The 2018 Home Run Derby will take place on July 16 at Nationals Park.


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It's time to start paying attention to Trea Turner's sneaky-great season

It's time to start paying attention to Trea Turner's sneaky-great season

Remember when the Nationals put Trea Turner in centerfield so they could keep Danny Espinosa at shortstop?

Two years later it's Turner who leads all N.L. shortstops in fWAR, as you surely know if you follow the Nationals on literally any social media platform. 

So while Juan Soto and Bryce Harper continue to dominate all of The Takes, it's Turner who's been the Nats' best position player this season. 

We'll start with some basics: 

Did you know that Trea Turner leads all N.L. shortstops in fWAR? He's currently sitting at 2.4 WAR, above the likes of Brandon Crawford, Addison Russell, and Trevor Story, to name a few. (We'll ignore the fact that the top six shortstops in the A.L. all have a better fWAR.) He's a top-10 shortstop in baseball during one of the strongest eras in the position's history.

Even after a dreadfully slow start, Turner's still on pace to have the best season of his career. He posted a WAR of 2.9 last year and -- barring injury -- will realistically eclipse that by the All-Star game. 

At the plate, two stats jump off the page in regards to explaining Turner's stellar season. 

First, Turner is drawing a *bunch* of walks. His current BB% clip (10.6 percent) would be far and away the best of his career and up four percentage points from last year. It's a factor that helps explain - partially, at least - why his on-base percentage has risen and his BABIP has dropped. More walks mean fewer swings, fewer swings mean less contact, less contact means lower BABIP, etc. It's not the whole picture, but it's a big part of it. 

Secondly, Turner is making impressive contact on pitches out of the strike zone. FanGraphs calculates out-of-zone contact using a statistic titled O-Contact, which is a blessing considering some of the titles they choose to give their other stats. 

The average O-Contact across MLB in 2018 is 64.7 percent. Trea Turner's career O-Contact is 62.4 percent (although realistically it's closer to the high-50's - a small-sample-size from his abbreviated first season mucks up the number a bit). 

This season, Turner's posted an O-Contact of 69.3 percent. Not only is that 10 percentage points higher than his O-Contact from last season, but a top-50 clip in all of baseball. He's one spot ahead of Mike Trout!  Put both of these together with some encouraging Statcast numbers (rise in HardHit%, already matched his total 'barrels' from last season) and you can see why Turner's been thriving at the plate.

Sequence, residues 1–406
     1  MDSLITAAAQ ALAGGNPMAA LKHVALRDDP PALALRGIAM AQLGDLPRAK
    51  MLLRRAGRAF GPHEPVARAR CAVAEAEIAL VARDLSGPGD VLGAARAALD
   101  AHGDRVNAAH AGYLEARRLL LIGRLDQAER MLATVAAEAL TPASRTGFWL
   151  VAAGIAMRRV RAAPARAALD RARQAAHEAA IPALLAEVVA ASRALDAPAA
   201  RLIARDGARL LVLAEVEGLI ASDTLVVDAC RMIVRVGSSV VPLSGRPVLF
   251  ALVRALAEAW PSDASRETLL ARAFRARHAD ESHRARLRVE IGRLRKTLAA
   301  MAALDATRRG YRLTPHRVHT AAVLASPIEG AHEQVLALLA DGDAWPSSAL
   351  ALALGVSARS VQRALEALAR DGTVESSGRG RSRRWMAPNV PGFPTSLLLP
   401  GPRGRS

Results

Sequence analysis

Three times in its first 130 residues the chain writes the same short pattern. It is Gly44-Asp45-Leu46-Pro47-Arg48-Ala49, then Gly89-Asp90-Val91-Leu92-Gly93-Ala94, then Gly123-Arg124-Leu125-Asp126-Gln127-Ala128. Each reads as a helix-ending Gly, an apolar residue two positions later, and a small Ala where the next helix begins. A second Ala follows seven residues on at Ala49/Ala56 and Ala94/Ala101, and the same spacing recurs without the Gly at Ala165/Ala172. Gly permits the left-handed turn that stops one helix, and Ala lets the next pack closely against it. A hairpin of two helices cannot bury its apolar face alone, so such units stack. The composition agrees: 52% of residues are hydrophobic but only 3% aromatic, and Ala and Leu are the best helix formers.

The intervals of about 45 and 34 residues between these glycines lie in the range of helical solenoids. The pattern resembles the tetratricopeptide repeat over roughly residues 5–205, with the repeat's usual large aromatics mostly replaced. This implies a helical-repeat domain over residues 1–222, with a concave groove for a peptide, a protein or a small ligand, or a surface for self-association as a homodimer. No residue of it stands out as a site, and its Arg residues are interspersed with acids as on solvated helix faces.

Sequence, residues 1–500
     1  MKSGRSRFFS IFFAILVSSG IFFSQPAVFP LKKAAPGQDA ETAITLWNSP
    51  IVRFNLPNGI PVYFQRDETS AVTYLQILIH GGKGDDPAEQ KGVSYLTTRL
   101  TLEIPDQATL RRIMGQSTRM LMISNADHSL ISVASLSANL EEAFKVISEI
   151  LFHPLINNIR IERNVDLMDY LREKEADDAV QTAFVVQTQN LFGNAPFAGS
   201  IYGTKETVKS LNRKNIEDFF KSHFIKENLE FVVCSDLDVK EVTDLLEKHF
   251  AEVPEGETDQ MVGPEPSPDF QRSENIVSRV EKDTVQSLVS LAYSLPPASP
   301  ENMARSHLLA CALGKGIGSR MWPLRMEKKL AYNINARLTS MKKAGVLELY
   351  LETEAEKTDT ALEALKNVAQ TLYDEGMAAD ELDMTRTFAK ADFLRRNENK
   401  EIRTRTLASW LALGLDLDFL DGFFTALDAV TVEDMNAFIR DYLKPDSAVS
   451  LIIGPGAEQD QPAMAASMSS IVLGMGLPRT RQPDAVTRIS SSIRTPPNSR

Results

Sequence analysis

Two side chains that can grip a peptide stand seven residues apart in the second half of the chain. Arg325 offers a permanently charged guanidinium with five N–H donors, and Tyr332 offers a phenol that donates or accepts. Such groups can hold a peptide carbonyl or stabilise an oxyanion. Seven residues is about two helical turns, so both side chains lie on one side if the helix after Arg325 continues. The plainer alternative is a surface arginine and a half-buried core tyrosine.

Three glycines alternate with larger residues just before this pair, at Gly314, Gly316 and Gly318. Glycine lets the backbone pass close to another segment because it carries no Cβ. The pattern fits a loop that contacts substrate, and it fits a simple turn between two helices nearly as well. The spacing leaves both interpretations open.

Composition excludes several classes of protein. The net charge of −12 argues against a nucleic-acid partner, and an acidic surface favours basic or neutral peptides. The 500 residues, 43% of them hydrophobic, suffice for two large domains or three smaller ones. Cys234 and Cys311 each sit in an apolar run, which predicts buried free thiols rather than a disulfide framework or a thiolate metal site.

Defensively, he's improved across the board as well. His UZR and DRS - considered the two most reliable fielding statistics, if such a thing exists - are both up from last year. He has the 10th-best UZR of all major league shortstops and ranks 1st in DRS. 

Last season, he finished 17th in both UZR and DRS (of all shortstops with at least 800 innings; Turner didn't log enough innings to be considered a qualified fielder). He ended the season with both numbers in the negative. 

You may be skeptical of defensive stats, which is fine. But if nothing else, the fact that Turner is turning literal negative stats into positive ones is encouraging. 

Lastly, Turner continues to be an elite baserunner. At this point in his career, his speed is arguably his best tool:

You'll note that purple dot allllllllllll the way on the right. That's Turner! Now, let's take a look at how his speed compares across all positions:

Essentially, Turner is faster than like, 98 percent of baseball. In fact, by Sprint Speed, he's the 6th-fastest player in the game. He also ranks 2nd across all of baseball in FanGraphs "Baserunning" measurements, only behind fellow teammate and mindbogglingly good baserunner Michael A. Taylor. 

So, Trea Turner an elite baserunner (maybe the best if you combine his raw speed with his baserunning stats), a top-5 shortstop in the field, and an All-Star at the plate. 

Juan Soto's been great and Bryce Harper is still extremely talented, but this year, Trea Turner has been the Nationals' best player.